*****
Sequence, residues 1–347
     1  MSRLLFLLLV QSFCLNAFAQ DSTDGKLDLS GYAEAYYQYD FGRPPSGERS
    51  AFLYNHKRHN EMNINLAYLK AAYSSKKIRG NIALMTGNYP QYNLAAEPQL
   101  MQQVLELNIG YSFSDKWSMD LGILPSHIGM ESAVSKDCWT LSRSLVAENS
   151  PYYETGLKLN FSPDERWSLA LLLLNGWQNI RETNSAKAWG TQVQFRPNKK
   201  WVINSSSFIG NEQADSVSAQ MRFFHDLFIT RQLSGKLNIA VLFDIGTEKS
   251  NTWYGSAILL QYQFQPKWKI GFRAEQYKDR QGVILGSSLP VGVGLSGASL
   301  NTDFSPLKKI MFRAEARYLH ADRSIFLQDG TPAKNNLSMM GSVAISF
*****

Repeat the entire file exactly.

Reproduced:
Sequence, residues 1–347
     1  MSRLLFLLLV QSFCLNAFAQ DSTDGKLDLS GYAEAYYQYD FGRPPSGERS
    51  AFLYNHKRHN EMNINLAYLK AAYSSKKIRG NIALMTGNYP QYNLAAEPQL
   101  MQQVLELNIG YSFSDKWSMD LGILPSHIGM ESAVSKDCWT LSRSLVAENS
   151  PYYETGLKLN FSPDERWSLA LLLLNGWQNI RETNSAKAWG TQVQFRPNKK
   201  WVINSSSFIG NEQADSVSAQ MRFFHDLFIT RQLSGKLNIA VLFDIGTEKS
   251  NTWYGSAILL QYQFQPKWKI GFRAEQYKDR QGVILGSSLP VGVGLSGASL
   301  NTDFSPLKKI MFRAEARYLH ADRSIFLQDG TPAKNNLSMM GSVAISF